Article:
Much of your work oscillates between architectural technology and fashion. How do you see the use of data changing these industries over time?

With fashion, it is already influencing the industry. Fashion moves much faster and accepts alternative design ideas much more readily than architecture. Computational Design and Machine Learning are being used by fashion houses Iris van Herpen, ACNE, The Fabricant in one way or another. Architecture is a much slower-moving industry, but the design implications are huge. Using new tools and technologies can help create new, diverse forms and design strategies that tackle traditional architectural problems in new ways.

Hoax Urbanism. Designed by M. Casey Rehm, Yasushi Ishida and Laure Michelon, the “Interface Architecture” exhibition at The University of Texas at Austin School of Architecture utilizes neural networks to simulate an infinitely tall city block, amplifying the banal through automated intelligence to produce a speculative context for architecture. Image courtesy of Laure Michelon

What software do you use and find most helpful during your design process?

Grasshopper/Rhino is the catch-all for me, I also use the CycleGAN, StyleGAN2, and pix2pix neural networks in varying degrees as well. I am trying to get better at Python and use that to script within rhino/grasshopper.

With new software being developed the opportunities for design are endless. However, what are the most frustrating aspects of designing with data?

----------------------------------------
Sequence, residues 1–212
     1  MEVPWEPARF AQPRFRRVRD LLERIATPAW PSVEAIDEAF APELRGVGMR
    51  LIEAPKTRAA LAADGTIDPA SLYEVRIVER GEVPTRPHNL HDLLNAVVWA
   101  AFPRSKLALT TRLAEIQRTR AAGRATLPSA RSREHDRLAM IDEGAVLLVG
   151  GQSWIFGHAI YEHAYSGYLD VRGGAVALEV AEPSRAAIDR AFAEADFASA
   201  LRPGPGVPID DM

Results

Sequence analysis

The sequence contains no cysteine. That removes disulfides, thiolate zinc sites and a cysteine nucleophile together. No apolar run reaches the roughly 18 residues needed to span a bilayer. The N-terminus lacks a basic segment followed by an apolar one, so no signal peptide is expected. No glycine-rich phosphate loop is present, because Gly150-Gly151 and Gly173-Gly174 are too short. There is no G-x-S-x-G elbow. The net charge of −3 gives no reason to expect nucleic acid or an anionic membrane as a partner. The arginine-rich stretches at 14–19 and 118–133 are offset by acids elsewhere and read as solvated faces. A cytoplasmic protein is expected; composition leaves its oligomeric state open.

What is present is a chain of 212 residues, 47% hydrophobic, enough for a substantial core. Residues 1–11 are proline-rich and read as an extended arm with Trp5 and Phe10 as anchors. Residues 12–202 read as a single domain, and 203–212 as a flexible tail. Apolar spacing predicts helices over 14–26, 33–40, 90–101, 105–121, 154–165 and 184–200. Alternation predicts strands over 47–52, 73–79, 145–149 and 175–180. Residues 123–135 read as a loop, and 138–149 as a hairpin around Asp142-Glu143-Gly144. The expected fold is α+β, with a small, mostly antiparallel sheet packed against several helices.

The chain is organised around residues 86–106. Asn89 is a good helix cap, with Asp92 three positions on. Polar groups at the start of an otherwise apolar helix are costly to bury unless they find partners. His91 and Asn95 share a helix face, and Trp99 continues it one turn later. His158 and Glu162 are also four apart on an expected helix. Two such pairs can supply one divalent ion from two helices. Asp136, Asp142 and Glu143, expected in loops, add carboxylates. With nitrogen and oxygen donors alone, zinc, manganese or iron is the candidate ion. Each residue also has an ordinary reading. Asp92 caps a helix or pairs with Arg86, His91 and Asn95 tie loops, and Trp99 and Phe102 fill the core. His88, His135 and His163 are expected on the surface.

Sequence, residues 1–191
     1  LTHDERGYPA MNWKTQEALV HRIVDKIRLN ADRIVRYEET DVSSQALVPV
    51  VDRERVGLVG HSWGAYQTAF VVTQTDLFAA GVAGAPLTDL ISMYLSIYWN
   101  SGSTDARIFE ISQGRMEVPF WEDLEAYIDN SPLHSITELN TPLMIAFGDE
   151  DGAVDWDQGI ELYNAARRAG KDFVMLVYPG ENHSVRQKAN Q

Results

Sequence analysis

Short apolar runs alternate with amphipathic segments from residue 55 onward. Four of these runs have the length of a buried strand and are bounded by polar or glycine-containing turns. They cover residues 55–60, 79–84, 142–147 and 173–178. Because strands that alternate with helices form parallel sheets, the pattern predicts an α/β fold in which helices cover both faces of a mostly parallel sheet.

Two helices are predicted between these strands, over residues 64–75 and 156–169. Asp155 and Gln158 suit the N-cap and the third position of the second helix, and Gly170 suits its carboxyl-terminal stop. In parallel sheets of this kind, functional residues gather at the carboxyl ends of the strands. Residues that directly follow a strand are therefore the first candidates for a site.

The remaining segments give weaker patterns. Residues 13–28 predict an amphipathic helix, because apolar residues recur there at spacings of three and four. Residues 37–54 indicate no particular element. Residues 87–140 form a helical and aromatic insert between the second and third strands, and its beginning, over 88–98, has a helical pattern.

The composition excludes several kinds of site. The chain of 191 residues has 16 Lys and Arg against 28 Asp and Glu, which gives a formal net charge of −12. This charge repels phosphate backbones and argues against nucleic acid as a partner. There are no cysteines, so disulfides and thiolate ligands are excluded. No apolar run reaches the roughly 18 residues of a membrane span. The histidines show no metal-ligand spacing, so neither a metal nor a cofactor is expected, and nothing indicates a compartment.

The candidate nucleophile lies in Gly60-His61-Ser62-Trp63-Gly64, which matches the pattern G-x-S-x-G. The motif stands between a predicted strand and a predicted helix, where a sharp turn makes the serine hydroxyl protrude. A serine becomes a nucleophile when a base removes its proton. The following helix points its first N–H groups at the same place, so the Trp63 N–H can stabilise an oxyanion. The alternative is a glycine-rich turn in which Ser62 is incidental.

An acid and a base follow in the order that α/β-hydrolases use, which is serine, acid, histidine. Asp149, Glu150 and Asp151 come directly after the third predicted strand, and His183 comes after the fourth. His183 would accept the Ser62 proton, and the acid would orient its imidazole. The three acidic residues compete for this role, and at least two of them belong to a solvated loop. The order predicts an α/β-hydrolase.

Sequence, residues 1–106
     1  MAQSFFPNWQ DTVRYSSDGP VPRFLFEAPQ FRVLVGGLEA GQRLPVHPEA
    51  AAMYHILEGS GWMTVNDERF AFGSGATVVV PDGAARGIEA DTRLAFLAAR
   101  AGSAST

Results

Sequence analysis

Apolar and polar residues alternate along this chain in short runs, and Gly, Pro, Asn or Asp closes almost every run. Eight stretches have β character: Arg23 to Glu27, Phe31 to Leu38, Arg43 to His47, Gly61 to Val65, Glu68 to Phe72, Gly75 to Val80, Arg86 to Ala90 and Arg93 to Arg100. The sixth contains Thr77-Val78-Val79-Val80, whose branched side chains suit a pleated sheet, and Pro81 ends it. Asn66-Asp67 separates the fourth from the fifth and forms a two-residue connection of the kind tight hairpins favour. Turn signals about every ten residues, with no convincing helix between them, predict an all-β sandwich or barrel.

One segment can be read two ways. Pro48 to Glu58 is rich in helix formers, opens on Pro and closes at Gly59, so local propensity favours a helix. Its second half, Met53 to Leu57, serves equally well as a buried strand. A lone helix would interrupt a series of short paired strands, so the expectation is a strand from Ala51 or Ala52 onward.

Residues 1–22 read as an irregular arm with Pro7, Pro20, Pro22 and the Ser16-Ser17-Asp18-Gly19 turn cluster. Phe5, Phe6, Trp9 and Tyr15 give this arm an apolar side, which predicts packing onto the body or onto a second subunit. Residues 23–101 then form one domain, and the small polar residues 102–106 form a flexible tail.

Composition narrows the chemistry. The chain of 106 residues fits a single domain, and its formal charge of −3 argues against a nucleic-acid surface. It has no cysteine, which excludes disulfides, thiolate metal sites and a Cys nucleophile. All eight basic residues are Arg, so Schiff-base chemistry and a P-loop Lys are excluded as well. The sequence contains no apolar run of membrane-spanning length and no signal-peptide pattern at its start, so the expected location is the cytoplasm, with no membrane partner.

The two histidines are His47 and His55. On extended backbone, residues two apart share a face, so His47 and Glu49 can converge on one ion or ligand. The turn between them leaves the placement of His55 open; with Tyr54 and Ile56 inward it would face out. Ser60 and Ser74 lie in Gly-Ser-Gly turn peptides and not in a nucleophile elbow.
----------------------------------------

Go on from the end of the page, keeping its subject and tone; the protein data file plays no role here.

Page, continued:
New software is always being introduced and the pressure to learn and understand them is a lot but then you spend so much of your time learning new software you can’t really become an expert in anything. That is frustrating. Also, building datasets is so time-consuming but so important. Any machine learning model that you want to train needs a dataset of hundreds of images all cropped or paired in certain ways.

Data is such a broad term. With the environmental work I do it’s important to use the location, weather, and climate data to influence or inform the design. With some of the more speculative work its more manipulation or bastardization of data to get something different or exciting.
StyleGAN2 output for (ESQUE), which explores the implementation of machine vision and intelligence to re-examine existing haute couture collections to produce speculations on fashion.

Are there aspects of the design process that are often misunderstood?

The question of authorship in design used to come up a lot, I don’t really think it does much anymore.

With your experience in teaching, what do you hope students learn through the use of data?

The importance of being able to teach yourself. There are so many youtube tutorials explaining these softwares just spend the time to learn and be patient. For those working with machine learning, its so important to understand bias within datasets.

Katherine Guimapang

Katherine Guimapang